Clearly, in order to grow, companies must bring in new customers. The fastest way to grow, and the quickest way to boost short-term revenue, is to win more customers. In addition, focusing on acquisition solves another “problem” that can be a little messier with retention: the ROI is fast and measurable, and CEOs love to report to their shareholders that the business is thriving because their customer base grew by X%.

The problem, though, is that acquisition costs get more expensive as retention numbers decline. Companies must acquire more customers to fill that leaky bucket. Without customers to retain, acquisition costs continue to increase. Brands can really only fix the retention problem by focusing on delivering the best customer experience. And when that happens, acquisition costs can even go down because existing customers will help drive acquisition through word-of-mouth referrals.

6. Experiences over marketing

Experiences are more powerful, more memorable, and more trusted than marketing. How do we know that? 

  • 92% of shoppers now read customer feedback as part of their decision-making process, according to Trustpilot.

  • 70% of U.S. adults trust recommendations from others far more than statements from brands, according to Forrester.

Customer experience is marketing without marketing. It makes your job a lot easier. If you get the experience right, you’ll turn your customers into advocates. In other words, let the experience do the work for you, and then your customers will do the work for you. 

7. Delivering the brand promise 

Following on to the points made in no.6, trust is earned over time, through consistency, and through consistent experiences. When you consistently deliver on your brand promise, you will earn customer trust. When Marketing sets the brand promise, but the experience doesn’t deliver, the promise is broken, and trust is lost.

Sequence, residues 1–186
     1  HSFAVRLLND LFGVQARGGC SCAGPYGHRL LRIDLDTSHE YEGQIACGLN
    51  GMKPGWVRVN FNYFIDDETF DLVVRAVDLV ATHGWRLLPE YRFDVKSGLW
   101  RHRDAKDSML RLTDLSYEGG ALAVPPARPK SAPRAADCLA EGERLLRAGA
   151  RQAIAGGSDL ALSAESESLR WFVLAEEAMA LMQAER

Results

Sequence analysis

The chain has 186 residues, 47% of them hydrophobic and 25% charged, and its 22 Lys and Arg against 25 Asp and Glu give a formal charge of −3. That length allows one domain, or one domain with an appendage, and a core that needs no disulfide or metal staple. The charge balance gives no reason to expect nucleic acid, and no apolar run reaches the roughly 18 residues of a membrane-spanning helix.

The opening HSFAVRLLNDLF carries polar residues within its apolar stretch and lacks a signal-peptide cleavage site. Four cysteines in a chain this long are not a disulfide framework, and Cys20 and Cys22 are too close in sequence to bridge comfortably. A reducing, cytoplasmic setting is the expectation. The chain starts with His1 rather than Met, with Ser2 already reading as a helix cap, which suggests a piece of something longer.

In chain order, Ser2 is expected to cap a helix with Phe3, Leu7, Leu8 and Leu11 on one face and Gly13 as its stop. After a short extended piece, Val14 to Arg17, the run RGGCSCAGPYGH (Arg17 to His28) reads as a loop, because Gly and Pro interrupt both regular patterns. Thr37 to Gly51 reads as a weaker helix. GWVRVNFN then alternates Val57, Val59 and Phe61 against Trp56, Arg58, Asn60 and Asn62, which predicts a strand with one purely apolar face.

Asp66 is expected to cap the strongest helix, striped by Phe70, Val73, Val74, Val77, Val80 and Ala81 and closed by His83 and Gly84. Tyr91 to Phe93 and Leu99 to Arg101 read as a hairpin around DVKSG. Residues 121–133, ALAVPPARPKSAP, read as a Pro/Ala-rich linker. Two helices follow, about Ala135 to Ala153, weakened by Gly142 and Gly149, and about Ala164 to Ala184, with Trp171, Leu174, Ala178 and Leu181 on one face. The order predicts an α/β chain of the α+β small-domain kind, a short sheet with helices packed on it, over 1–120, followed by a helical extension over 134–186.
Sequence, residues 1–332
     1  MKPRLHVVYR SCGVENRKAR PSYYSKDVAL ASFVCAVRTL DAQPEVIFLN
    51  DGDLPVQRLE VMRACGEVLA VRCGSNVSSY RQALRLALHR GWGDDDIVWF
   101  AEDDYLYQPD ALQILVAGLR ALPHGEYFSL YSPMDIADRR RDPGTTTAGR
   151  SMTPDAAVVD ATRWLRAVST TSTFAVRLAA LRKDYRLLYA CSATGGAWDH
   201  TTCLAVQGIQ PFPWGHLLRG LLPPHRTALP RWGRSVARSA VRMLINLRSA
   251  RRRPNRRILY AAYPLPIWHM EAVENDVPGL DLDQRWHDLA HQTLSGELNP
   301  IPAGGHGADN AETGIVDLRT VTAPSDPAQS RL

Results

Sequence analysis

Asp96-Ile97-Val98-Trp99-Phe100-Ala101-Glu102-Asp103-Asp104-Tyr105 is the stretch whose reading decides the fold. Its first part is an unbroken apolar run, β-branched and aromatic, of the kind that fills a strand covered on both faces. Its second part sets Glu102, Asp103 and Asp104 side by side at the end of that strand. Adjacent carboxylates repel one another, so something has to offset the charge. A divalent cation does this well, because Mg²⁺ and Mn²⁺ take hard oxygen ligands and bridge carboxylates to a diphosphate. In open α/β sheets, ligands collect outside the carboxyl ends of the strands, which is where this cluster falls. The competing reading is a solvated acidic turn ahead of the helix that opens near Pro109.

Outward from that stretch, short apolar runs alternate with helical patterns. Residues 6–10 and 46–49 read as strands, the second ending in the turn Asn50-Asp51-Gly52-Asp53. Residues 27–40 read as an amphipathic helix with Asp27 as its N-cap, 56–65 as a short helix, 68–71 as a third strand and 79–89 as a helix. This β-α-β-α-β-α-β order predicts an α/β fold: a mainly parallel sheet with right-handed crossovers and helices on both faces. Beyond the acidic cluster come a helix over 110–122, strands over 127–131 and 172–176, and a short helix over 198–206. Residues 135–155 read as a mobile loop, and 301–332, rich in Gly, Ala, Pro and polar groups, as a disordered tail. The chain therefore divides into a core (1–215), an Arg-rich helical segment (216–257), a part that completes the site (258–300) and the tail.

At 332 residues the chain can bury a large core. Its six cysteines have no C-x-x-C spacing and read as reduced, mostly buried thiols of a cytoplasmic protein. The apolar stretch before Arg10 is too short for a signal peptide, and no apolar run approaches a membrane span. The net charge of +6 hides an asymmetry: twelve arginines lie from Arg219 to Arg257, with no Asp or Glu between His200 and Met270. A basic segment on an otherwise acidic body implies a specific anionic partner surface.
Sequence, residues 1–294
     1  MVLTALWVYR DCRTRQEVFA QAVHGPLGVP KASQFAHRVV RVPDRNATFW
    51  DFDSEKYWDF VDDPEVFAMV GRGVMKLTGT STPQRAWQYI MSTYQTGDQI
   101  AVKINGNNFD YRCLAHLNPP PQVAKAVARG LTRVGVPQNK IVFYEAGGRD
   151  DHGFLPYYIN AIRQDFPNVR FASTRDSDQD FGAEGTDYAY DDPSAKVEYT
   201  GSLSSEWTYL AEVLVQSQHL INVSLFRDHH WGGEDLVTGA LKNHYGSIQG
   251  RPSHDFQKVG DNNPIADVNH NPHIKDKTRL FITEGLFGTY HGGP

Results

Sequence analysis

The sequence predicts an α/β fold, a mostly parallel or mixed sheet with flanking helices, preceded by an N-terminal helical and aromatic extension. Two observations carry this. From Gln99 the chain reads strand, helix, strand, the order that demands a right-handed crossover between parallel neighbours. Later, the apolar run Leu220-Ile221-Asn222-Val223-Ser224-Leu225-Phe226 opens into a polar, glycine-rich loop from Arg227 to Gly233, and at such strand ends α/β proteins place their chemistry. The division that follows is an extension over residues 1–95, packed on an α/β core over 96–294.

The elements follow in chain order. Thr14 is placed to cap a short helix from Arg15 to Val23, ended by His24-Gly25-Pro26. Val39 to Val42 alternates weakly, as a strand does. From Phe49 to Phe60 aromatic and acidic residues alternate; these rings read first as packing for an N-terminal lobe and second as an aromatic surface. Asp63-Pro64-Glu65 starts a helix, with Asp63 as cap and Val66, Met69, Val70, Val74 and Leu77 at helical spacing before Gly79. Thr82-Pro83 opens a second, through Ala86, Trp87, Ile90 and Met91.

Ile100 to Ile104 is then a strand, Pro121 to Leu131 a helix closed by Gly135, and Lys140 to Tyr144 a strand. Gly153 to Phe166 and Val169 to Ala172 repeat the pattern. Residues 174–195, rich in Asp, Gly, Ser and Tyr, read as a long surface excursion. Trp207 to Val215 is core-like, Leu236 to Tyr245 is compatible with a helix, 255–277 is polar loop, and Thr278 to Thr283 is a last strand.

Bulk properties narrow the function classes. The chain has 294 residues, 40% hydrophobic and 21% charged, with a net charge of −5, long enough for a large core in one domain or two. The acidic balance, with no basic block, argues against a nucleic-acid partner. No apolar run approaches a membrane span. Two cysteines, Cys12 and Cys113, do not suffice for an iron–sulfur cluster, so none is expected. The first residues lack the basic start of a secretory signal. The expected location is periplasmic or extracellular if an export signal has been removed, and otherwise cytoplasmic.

Unfortunately, there is a large gap between what customers expect and what the brand delivers. Accordingly, these the Marketing and CX teams must work together to ensure that the promise isn’t just about “selling the dream,” but it’s actually deliverable. 

Conducting training for employees that combines that brand promise with customer insights and understanding–and how to deliver a great experience–will go a long way toward building relationships, earning customer trust, and building brand loyalty. 

8. The human-to-human relationship

Marketers like to talk about customers being demanding, in control, in charge, owning the experience, holding the power, etc. Worse yet, businesses often only view them as account numbers or as transactions. 

But here’s the thing: there is a relationship between customer and brand; it’s just that no one owns the relationship–it’s a shared responsibility between the customer and the brand. And it has to be viewed as a string of human-to-human interactions.

What customers really want is a participative relationship, co-creating with brands to ensure that their problems are solved. Refer back to point no.2 about customer understanding. When CX and Marketing work together to understand customers, the outcome is better for everyone.

9. Technology and the CIO partnership

There can’t be a conversation about marketing and CX without including mention of the Chief Information Officer (CIO), data, and technology. 

Technology is a key enabler to socializing and operationalizing your customer feedback and other learnings gleaned through your customer understanding work. And for there to be a shift in focus from acquisition to the entire customer journey, data and technology must play a huge part. 

Knowing the customer, generating that single view of the customer, and being able to deliver a personalized and simplified experience throughout the entire lifecycle is the direction the Marketing and CX partnership must take going forward. And to do so—in addition to technology and centralized data—they will need the help of the CIO.